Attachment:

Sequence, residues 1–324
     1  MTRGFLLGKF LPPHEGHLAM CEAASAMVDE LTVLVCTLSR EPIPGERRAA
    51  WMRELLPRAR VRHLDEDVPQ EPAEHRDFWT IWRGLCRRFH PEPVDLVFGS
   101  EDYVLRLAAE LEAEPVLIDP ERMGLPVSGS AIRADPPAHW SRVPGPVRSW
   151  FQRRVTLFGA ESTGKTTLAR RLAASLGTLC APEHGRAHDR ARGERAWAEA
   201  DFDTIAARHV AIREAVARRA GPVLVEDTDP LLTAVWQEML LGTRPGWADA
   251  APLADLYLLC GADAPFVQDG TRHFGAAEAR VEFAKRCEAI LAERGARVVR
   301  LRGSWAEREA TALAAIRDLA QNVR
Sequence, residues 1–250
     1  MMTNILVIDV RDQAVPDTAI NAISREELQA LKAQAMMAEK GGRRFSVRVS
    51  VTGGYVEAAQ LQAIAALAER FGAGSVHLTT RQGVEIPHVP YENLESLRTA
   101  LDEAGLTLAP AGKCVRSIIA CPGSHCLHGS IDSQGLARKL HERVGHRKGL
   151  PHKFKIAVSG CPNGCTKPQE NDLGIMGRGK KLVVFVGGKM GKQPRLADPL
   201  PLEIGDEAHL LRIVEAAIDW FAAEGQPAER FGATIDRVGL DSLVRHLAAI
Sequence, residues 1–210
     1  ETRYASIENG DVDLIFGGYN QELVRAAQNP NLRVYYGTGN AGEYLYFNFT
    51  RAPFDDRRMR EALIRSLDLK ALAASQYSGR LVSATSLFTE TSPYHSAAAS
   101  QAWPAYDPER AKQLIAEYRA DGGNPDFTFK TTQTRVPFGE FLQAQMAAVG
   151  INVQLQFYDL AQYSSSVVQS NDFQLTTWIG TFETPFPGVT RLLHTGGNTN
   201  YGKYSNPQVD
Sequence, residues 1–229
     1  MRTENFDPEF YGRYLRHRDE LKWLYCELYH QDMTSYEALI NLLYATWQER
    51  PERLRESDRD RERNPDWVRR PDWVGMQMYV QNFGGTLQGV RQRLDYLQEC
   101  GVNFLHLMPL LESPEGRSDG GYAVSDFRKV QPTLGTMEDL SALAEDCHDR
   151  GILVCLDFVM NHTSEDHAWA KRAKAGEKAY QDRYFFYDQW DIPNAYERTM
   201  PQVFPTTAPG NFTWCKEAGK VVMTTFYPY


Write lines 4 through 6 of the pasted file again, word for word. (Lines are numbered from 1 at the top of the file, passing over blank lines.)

   101  EDYVLRLAAE LEAEPVLIDP ERMGLPVSGS AIRADPPAHW SRVPGPVRSW
   151  FQRRVTLFGA ESTGKTTLAR RLAASLGTLC APEHGRAHDR ARGERAWAEA
   201  DFDTIAARHV AIREAVARRA GPVLVEDTDP LLTAVWQEML LGTRPGWADA